• dental implant;
  • flapless;
  • mini-flap;
  • minimally invasive surgery


Background: Traditional flapless implant surgery using a soft tissue punch device requires a circumferential excision of keratinized tissue at the implant site. A new flapless implant technique that can submerge implant fixtures is needed.

Purpose: This article describes a flapless implant surgery method using a mini-incision and compares the effects of soft tissue punch and mini-incision surgery on both the amount of osseointegration and the bone height around the implants using a canine mandible model.

Materials and Methods: Bilateral, edentulated, flat alveolar ridges were created in the mandibles of six mongrel dogs. After a 3-month healing period, two implants were placed on each side of the mandible using either soft tissue punch or mini-incision procedures. After an additional 3-month healing period, a second stage surgery and transmucosal abutment attachment was performed for mini-incision implant cases. Following a 2-month healing period, the dogs were sacrificed to evaluate the osseointegration and bone height around the implants.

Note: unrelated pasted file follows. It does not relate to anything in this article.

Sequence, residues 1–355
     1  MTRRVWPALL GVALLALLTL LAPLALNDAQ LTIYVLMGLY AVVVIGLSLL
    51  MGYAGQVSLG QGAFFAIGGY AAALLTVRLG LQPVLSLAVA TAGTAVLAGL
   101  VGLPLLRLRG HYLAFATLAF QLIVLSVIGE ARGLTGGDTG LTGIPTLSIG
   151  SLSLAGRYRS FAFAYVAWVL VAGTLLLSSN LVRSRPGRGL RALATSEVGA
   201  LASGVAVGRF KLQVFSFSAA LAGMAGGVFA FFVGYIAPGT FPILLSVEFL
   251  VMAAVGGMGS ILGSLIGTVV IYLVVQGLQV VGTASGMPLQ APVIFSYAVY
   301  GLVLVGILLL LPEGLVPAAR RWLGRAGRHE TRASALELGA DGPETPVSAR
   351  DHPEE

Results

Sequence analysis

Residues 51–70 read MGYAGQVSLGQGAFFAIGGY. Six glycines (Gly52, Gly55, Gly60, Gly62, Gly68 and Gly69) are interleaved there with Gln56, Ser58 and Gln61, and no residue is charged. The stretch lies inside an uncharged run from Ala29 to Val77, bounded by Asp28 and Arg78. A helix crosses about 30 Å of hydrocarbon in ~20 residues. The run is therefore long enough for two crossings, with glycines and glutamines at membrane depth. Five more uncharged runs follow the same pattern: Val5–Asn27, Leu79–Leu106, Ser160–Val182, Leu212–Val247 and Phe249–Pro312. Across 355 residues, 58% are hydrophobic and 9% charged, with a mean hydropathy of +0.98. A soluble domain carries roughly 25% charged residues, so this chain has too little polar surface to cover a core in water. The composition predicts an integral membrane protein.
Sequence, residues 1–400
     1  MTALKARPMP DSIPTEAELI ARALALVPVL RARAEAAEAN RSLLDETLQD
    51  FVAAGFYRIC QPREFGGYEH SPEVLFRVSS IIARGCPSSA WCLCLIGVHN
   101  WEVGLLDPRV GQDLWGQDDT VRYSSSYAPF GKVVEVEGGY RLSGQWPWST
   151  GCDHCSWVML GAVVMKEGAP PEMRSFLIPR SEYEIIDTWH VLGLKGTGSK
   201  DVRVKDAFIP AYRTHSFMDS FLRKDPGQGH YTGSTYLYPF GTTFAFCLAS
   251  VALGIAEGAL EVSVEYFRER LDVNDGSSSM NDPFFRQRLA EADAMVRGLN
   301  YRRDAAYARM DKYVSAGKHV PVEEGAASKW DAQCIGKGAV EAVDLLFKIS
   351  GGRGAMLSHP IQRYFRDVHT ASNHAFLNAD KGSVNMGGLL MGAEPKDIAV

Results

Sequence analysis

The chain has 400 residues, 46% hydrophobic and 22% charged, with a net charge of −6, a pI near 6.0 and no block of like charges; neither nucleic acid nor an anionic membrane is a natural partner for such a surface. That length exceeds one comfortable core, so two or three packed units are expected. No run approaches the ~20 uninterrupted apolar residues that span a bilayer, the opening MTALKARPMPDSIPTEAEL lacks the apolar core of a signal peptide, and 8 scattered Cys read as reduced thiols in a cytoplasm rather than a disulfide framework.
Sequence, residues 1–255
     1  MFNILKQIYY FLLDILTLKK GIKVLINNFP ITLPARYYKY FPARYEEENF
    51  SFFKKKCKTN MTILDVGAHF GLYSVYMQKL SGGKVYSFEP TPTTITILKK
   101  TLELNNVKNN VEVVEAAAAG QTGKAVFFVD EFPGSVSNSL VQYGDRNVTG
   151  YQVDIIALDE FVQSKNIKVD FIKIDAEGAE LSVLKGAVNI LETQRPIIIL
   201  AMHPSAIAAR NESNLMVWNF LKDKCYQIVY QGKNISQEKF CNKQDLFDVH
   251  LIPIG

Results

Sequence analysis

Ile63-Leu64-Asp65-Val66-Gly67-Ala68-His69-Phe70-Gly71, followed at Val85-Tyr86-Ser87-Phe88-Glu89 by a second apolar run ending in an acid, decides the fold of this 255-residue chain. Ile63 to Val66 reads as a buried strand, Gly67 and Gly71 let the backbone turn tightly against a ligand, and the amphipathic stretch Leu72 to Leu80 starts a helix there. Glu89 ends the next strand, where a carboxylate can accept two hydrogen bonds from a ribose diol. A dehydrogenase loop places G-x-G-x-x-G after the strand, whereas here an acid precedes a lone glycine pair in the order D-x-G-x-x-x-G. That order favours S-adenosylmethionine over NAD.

Results: Average bone height was 9.6 ± 0.4 mm in the soft tissue punch group and 9.8 ± 0.3 mm in the mini-incision group (p > .05). Average osseointegration was 70.4 ± 6.3% in the soft tissue punch group and 71.2 ± 7.1% in the mini-incision group (p > .05). No significant differences were noted between the two groups in vertical alveolar ridge height or bone/implant contact.

Conclusions: Our findings support the clinical use of mini-incision implant surgery at sites where implants need to be protected below the soft tissue during the early phase of healing, particularly for patients with poor bone quality and/or low primary implant stability.